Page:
UK Online Poker Market Struggling To Compete With Sports Betting

Posted by Carolyn on Dec 04, 2017 Posted in Online Poker News, Poker Industry News, UK Poker News | No Comments »

The UK Gambling Commission (UKGC) released a report detailing the performance of its online gambling industry for the fiscal (April 16 – March 17) which showed that online poker in the UK is struggling to compete with sports betting and online slots. This does not come as a surprise as the global online poker market has been sluggish when compared to the growth of global sports betting and online casino games.

Online Poker Contributes Just 5 Percent To UK Gaming Market

The UKGC report showed that online slot games accounted for $2.2 billion in revenue and sports betting accounted for $2.5 billion during this period. Online poker could only manage to generate $136 million, which is a little over 5 percent when compared to the combined Gross Gaming Yield (GGY) of the UK market.

The online gambling industry in the UK saw an overall increase of 10.1 percent in GGY for the fiscal. This further proves that online gambling in general has continued to grow in the UK but online poker has continued to fall behind. The main reason for this decline in online poker appears to be because UK gamblers prefer to engage in online games that have a higher element of excitement and luck attached to it.

The preference of UK gamblers is hurting online poker which requires a lot more skill to be displayed in order to be consistent at winning.

Online Poker Operators Struggling In Europe

The UK has one of the biggest regulated online gambling markets and the decline of online poker corresponds to the decline of online poker in Europe. Online gaming regulators in Spain, France, Italy and Portugal have struggled for a number of years to boost their declining online poker markets.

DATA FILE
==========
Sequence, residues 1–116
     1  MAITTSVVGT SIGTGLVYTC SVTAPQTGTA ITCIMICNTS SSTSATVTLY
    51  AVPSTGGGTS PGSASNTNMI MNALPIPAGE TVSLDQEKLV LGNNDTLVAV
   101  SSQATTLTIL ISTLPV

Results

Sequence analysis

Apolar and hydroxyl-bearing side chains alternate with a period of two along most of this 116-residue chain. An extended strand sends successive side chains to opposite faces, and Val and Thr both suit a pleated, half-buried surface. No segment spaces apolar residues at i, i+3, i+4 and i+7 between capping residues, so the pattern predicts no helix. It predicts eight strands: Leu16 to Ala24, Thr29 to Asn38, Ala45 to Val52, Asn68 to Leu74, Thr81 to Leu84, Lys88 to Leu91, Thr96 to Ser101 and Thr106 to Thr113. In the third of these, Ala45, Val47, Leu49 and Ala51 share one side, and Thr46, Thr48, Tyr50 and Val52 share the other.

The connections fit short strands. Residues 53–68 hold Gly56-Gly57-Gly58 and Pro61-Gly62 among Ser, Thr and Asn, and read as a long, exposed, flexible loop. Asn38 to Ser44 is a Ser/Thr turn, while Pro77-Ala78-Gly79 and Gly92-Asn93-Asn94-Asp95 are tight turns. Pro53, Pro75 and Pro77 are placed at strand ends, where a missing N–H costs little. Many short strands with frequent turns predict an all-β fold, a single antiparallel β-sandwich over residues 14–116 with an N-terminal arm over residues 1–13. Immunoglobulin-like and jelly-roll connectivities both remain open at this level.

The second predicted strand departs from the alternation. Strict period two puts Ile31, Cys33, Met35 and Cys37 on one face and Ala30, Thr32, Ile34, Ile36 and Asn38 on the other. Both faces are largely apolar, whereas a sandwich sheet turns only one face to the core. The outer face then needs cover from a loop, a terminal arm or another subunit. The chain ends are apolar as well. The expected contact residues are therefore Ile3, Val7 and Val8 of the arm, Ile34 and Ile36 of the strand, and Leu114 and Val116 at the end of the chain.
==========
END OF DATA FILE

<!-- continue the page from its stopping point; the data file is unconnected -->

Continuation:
The regulated online poker markets in these four countries have struggled because online poker players found regulations too stringent, tournaments not very exciting, poor competition and prize money not very attractive due to the high taxes. Unlicensed poker operators flourished in these four markets as they lured poker players with attractive tournaments and better prizes as they were not licensed and did not have to pay taxes.

France, Spain, Portugal and Italy have now signed a poker liquidity agreement that is expected to come into play in early 2018. The gaming regulators from these countries expect the grouping of their online poker resources to boost their respective markets and make it more attractive for online poker players in their countries.

Should the move prove to be successful, the UK might also have to think about innovative ways to boost its struggling online poker industry. There have been talks in the past that the UK might look to share online poker liquidity with New Jersey but those talks have not materialized. New Jersey recently signed an online poker liquidity agreement with Nevada and Delaware.

Online poker operators in the UK will continue to struggle if the gaming regulator in the country does not take immediately steps to boost online poker interest and revenues.

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